Capacity Building Center for Tribes Prevention Brief


Prevention-centered practices are rooted in the belief that a child’s connection to their family and tribal communities keeps the community whole. Honoring our stories, Indigenous ways of knowing, and belief systems when developing prevention practices can help programs increase protective factors, strengthen family systems, and create connections for children and families. Tribal child welfare programs across Indian Country have unique governments, governing documents, and cultural beliefs.

The 2023 challenge to the Indian Child Welfare Act (ICWA) at the United States Supreme Court intensified conversations about how to ensure that tribal children remain with their families or within their communities. In response to these discussions, the Capacity Building Center for Tribes (Center) has created the following brief on family-strengthening prevention practices and definitions.

Culture of Prevention

Prevention can take many forms at the community and individual levels and is embedded in the fabric of tribal child welfare family preservation. The focus of prevention includes limiting risk, harm reduction, and increasing protective factors to empower families with the ability to navigate challenges with unity and strength. Prevention in tribal child welfare can occur in more than one way and can look differently from tribe to tribe.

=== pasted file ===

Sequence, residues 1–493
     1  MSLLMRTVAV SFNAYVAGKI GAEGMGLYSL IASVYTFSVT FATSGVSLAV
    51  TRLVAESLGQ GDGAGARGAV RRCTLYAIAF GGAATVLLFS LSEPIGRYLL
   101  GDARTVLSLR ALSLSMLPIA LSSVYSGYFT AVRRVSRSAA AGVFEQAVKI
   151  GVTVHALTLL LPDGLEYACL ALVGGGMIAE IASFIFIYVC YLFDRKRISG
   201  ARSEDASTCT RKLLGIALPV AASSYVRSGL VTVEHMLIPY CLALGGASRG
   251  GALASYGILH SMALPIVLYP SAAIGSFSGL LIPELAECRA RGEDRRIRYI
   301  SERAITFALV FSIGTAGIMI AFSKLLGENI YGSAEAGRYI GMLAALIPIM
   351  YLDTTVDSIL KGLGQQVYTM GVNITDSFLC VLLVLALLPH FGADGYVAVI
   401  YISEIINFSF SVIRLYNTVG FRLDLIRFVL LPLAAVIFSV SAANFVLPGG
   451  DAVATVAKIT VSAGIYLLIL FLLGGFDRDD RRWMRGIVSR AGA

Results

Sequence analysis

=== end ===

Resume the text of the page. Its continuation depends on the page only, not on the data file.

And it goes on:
Many prevention services in this brief focus on preventing families’ involvement in the child welfare system (or preventing the child’s removal from their home) by offering services focused on harm reduction or minimizing risk factors within the family. This includes behavioral health, mental health, substance use disorder (SUD) treatment, financial aid, and housing supports. Other efforts include collaboration and connections with community programs for integrated service delivery to families in need of strengthening.

A prevention-focused culture reduces removal rates by strengthening and promoting wellness within the family. Activities that promote thriving Native families are:

  • proactive (e.g., taking place before system involvement),
  • strengths-based, and
  • culturally relevant.

At the systems and community levels, this may include community outreach and education. For individual families, this includes parenting education and classes on prevention of child abuse/maltreatment and SUD.


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